By Sahaana Sankar

The countries of South Asia share similar concerns of environmental conservation, sustainable development and the impending threat of climate change. The programme ‘Challenge of the Balance’ organized by the Centre for Science and Environment gave us the opportunity to examine all these concerns keeping regional needs in mind.

Doha 2012 has been in the news, and there is tremendous debate about issues related to climate change. But to the communities we interacted with at Alwar and Jaipur, climate change was an abstract idea, and they were more concerned with their immediate situations. To villagers who have been relocated out of Sariska,
they could not understand why they had to leave the land they had tilled for generations, for land that they cannot call their own. To those who live in what was once an arid water-less area, their concerns were more the proper use of the water they had so painstakingly managed to conserve. The extent to which they are
involved in the processes of their environment demonstrate how traditional wisdom could be instrumental in formulating and implementing state policy.

It was through this exposition that we all came to understand that the environment is everything around us and we all need to act in our individual capacities rather than wait for higher authorities to take action. However, if any conservation endeavour that does not properly include communities, there is always the risk of not being able to balance developmental and conservation needs. This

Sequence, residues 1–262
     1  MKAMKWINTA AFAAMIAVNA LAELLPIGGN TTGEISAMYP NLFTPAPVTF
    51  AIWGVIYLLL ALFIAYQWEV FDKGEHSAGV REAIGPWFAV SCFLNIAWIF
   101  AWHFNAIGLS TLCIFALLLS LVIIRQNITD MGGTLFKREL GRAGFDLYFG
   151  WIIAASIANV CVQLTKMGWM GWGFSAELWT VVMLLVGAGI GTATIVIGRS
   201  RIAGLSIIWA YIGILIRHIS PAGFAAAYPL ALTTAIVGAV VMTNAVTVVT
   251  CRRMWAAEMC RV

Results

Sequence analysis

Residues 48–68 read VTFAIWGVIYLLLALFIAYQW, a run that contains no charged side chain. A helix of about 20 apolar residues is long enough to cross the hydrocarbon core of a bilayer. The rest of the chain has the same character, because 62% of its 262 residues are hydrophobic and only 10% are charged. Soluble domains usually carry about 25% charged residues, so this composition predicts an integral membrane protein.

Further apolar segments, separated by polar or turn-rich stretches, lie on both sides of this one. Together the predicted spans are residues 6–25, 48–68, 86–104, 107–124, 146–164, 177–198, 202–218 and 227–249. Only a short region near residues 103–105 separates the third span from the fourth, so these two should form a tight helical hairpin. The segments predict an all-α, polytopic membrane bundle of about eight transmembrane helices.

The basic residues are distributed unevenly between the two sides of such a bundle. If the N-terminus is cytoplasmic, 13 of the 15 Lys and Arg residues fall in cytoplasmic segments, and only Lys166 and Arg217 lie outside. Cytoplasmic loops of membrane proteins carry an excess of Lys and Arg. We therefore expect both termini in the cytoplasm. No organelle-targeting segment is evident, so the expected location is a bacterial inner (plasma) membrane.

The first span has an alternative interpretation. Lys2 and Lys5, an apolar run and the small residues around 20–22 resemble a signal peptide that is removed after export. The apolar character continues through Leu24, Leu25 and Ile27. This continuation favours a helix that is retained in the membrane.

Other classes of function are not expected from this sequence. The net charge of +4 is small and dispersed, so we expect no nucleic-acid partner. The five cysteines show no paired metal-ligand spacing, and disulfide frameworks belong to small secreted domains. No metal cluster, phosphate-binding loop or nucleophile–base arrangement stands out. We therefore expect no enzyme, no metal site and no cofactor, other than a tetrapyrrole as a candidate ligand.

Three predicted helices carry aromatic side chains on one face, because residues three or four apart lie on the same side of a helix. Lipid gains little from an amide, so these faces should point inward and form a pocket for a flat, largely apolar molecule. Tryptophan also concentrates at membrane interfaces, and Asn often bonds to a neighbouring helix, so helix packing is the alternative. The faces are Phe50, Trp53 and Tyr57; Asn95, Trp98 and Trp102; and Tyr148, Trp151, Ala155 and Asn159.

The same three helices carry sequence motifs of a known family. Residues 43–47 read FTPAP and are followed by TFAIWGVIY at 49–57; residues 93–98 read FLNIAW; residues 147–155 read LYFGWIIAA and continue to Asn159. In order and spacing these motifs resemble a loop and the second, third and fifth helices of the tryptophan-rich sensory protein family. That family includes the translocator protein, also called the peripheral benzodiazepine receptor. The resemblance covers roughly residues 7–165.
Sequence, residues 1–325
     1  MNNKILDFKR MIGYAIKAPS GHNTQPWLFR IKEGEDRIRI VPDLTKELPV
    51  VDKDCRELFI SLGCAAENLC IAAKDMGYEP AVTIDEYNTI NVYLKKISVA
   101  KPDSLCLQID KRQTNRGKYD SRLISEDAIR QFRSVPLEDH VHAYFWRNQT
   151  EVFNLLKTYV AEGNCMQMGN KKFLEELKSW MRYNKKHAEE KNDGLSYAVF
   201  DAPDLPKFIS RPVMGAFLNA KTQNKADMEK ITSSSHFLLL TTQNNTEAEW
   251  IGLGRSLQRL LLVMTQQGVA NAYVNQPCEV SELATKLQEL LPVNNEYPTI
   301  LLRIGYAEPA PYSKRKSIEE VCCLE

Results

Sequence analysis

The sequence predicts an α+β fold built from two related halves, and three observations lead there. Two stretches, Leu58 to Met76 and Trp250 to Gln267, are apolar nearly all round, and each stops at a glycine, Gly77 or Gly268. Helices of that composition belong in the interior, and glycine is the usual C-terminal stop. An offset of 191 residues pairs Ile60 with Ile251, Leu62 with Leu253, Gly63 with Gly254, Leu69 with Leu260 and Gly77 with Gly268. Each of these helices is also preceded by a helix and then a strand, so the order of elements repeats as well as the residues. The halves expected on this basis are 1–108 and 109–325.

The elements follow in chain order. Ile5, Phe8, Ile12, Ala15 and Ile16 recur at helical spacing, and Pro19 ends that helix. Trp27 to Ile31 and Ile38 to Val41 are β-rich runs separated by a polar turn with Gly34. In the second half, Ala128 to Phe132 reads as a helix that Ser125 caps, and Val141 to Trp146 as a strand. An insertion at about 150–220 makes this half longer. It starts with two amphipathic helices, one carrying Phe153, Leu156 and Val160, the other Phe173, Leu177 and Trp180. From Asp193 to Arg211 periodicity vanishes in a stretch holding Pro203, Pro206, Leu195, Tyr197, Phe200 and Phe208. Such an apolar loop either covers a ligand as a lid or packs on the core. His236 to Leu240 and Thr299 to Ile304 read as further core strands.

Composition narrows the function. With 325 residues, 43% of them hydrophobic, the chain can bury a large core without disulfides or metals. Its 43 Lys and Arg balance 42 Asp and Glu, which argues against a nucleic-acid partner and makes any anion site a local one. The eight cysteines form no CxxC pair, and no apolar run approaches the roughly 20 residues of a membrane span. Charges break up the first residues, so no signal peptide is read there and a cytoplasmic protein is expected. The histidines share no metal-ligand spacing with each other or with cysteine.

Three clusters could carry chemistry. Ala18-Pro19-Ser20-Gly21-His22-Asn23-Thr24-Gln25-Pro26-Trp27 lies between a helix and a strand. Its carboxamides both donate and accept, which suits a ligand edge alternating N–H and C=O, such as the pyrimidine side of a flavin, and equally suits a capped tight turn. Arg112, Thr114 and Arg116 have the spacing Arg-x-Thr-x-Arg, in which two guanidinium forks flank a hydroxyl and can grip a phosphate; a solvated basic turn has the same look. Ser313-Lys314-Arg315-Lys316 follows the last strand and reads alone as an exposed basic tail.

is best exemplified by the dissatisfaction and angst amongst the villagers relocated out of Sariska Tiger Reserve.

During the safari ride through Sariska, we saw a few villages within the core area which are currently doomed to be relocated. The very fact that such villages have existed in tiger inhabited area for centuries forced us to raise a question as to why conservation today requires ‘inviolate spaces’. We received two contrasting
viewpoints- that of a forest official as conservator and the other of a community representative calling for coexistence.

We observe that whenever a community has a stake in its surroundings and the resources it depends on, conservation becomes a part of its culture. This same principle applies in the cities. As seen in Jaipur, the absence of interest on the part
of locals resulted in the deterioration of Mansagar lake and other urban lakes. The same trend is seen across South Asia.
With rapidly changing lifestyles and a culture of materialism, people in urban areas are becoming more and more disconnected from their immediate environment, and less empathetic towards the people and animals they share it with. This shows in the increasing trend of abandonment of pet dogs and the illtreatment
of domestic workers.

This magazine is a part of our attempt to reconnect with our environment, to question what we see, and to report the different issues that affect both cities and villages, people and animals.

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